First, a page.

Press Release

May 15, 2024
Cardin, Colleagues Urge Full Funding of Unemployment Insurance to Combat Fraud and Provide Benefits for Jobless Workers
The senators wrote, “We can’t expect the UI system to scale up overnight and function well in an economic downturn if we don’t provide strong, consistent annual funding—including during economic expansions.”

WASHINGTONU.S. Senators Ben Cardin and Chris Van Hollen (both D-Md.), along with their Senate colleagues, urged the Senate Appropriations Subcommittee on Labor, HHS, Education, and Related Agencies to fully fund Unemployment Insurance (UI) administration based on President Joe Biden’s request in his Fiscal Year 2025 budget. 

Without robust funding, state workforce agencies will struggle to provide UI benefits for jobless workers, protect against fraud, and make long-term administrative improvements to prepare for future crises. In the wake of the COVID-19 pandemic, states faced significant challenges in distributing unemployment insurance, highlighting the need to increase funding for this critical program. 

In addition to Cardin and Van Hollen, the letter is signed by Senate Finance Committee Chair Ron Wyden, D-Ore., Senate Finance Committee Member Michael F. Bennet, D-Colo., Senator Jack Reed, D-R.I., Senators Tina Smith, D-Minn., Tom Carper, D-Del., Elizabeth Warren, D-Mass., Edward J. Markey, D-Mass., Dick Durbin, D-Ill., Catherine Cortez Masto, D-Nev., Peter Welch, D-Vt., Alex Padilla, D-Calif., Mazie Hirono, D-Hawai’i, Bob Casey, D-Pa., Jeff Merkley, D-Ore., Jacky Rosen, D-Nev., Brian Schatz, D-Hawai’i, Bernie Sanders, D-Vt., Chris Van Hollen, D-Md., Sherrod Brown, D-Ohio, and Laphonza Butler, D-Calif.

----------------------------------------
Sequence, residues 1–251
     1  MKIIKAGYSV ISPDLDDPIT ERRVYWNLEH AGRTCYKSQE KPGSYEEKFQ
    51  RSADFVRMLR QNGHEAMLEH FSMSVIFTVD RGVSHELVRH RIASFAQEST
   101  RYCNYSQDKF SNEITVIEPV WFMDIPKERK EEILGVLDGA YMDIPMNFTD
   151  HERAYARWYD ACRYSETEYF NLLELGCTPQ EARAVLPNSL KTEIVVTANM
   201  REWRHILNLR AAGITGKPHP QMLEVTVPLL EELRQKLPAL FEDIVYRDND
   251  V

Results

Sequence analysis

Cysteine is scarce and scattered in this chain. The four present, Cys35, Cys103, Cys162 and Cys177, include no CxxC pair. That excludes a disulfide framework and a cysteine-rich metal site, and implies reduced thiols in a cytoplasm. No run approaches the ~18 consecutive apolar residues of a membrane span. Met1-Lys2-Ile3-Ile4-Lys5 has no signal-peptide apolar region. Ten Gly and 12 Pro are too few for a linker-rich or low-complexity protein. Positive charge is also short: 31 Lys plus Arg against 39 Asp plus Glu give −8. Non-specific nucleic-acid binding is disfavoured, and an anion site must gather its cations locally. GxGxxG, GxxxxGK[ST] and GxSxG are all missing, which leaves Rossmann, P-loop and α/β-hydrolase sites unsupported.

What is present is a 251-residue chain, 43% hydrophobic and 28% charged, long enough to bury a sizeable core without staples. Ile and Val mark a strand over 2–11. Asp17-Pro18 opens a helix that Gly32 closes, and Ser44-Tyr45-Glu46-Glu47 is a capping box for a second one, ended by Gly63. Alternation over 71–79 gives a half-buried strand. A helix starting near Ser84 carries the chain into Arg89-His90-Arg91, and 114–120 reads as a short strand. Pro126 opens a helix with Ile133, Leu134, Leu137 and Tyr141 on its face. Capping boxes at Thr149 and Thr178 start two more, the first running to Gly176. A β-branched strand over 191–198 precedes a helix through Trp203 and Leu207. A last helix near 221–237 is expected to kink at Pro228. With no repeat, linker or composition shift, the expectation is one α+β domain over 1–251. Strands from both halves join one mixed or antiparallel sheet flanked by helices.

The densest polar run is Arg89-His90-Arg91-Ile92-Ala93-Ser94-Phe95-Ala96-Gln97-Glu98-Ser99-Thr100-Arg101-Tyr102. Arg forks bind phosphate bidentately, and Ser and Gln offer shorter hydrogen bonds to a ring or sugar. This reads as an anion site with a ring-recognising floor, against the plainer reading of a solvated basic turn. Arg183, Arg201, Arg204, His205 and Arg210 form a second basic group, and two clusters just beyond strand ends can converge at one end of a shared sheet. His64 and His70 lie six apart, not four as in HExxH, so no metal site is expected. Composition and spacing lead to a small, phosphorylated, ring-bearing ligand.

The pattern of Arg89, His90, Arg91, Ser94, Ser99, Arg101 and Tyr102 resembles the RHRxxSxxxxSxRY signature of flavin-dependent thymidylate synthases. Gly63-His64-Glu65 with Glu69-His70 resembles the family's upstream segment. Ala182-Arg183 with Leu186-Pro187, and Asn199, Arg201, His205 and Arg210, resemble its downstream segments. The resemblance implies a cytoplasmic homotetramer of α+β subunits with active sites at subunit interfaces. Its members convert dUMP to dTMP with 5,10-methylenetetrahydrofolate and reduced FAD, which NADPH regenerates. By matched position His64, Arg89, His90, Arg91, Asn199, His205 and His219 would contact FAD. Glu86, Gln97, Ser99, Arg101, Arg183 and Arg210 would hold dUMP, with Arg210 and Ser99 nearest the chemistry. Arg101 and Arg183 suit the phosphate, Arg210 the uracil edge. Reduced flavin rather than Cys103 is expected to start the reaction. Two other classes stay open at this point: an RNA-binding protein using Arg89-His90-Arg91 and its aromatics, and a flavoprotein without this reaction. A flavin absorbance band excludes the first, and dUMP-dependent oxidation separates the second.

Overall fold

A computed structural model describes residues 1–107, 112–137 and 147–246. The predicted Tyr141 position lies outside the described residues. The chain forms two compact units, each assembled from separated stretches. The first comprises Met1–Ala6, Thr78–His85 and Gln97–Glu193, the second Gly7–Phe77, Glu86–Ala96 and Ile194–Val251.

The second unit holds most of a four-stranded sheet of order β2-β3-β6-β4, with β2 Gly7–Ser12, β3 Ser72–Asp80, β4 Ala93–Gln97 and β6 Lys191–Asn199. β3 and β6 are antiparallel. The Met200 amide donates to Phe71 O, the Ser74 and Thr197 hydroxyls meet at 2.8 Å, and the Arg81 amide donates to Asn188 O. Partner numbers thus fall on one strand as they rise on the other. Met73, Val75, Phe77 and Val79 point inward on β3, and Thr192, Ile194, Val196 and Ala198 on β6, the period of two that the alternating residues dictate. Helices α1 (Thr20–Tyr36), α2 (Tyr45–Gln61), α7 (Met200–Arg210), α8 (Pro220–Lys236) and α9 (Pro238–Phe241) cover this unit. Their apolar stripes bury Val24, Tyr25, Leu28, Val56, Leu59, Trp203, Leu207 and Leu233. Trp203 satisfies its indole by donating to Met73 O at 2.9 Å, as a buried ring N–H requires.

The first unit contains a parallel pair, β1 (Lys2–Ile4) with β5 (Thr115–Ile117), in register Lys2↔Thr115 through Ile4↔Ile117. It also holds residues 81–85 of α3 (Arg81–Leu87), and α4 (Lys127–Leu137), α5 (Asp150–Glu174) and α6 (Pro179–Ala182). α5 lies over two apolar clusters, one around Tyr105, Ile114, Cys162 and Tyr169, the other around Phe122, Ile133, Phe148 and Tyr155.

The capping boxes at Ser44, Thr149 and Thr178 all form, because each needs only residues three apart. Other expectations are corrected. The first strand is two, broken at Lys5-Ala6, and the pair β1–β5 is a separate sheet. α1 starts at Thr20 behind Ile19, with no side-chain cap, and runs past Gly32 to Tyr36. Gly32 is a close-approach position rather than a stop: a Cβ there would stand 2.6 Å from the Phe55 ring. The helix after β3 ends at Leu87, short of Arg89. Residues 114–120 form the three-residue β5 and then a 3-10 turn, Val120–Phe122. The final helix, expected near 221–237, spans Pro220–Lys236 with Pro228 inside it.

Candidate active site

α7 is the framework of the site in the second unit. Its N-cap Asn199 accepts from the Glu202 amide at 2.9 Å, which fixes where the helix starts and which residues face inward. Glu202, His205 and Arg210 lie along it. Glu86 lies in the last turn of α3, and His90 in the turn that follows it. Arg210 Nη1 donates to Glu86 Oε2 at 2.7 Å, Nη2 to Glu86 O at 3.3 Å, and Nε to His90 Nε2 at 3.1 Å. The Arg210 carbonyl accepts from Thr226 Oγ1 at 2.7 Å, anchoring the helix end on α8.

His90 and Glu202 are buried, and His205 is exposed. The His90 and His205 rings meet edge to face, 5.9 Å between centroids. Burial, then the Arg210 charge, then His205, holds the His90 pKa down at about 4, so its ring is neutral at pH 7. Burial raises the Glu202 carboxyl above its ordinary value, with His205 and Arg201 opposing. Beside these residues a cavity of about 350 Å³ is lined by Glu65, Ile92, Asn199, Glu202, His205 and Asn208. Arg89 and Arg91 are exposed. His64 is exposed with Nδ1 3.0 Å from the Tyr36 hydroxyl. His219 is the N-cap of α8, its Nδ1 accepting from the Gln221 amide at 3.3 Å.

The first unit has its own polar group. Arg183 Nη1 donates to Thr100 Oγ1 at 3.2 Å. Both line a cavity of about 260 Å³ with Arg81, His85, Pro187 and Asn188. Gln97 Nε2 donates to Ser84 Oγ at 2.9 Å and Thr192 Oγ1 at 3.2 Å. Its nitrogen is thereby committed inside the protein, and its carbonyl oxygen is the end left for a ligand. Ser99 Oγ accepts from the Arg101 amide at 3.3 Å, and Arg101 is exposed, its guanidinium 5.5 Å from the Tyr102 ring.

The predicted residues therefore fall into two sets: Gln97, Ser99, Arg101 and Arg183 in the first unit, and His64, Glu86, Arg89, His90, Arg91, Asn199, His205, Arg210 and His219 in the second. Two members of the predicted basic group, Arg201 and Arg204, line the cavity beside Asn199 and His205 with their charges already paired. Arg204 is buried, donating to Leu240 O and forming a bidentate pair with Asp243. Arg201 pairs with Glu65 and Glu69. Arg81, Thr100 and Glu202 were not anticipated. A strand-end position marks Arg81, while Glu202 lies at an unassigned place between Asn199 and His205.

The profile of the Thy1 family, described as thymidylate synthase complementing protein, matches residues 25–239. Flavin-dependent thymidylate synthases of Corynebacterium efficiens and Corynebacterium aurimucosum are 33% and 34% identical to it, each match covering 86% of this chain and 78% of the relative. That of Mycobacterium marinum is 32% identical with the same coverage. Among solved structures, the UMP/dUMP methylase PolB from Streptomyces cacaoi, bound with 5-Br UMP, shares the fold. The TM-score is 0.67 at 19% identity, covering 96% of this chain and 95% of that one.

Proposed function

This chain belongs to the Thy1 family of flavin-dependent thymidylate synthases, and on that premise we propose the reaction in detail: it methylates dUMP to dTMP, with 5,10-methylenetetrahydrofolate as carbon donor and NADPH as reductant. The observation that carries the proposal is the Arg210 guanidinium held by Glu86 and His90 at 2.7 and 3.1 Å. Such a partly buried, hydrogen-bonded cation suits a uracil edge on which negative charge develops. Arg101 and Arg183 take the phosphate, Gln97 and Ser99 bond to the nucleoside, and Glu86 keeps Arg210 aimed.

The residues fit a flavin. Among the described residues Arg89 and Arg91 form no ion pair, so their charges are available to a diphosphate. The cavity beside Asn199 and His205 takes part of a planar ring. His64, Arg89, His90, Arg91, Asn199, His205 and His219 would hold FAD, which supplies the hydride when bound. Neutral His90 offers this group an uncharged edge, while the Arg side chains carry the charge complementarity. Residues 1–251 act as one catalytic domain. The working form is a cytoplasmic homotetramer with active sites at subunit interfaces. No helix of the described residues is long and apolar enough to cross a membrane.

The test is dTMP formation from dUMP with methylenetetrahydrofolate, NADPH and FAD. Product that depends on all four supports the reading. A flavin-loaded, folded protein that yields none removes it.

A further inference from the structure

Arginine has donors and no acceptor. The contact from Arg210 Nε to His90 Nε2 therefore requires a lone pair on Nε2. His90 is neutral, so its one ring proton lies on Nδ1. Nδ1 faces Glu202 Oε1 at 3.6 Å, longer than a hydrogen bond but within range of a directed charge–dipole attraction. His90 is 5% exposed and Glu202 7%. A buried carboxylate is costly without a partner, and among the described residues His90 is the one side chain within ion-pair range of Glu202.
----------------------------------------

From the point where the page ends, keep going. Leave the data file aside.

The senators wrote, “When the COVID-19 pandemic hit in March 2020, state workforce agencies were completely overwhelmed with an unprecedented number of UI claims. Millions of workers were forced to wait months for their benefits and couldn’t even reach someone from their state agency on the phone to help. Part of the reason states were so unprepared to deal with this surge of claims was decades of underinvestment in UI administration. Because Congress has consistently failed to appropriate sufficient administrative funding for the program, the Department of Labor (DOL) is forced to allocate funding to states using outdated cost assumptions that don’t reflect the actual cost of administering UI, leaving state workforce agencies operating on shoestring budgets.”

The text of the letter is here.

A web version of this release is here.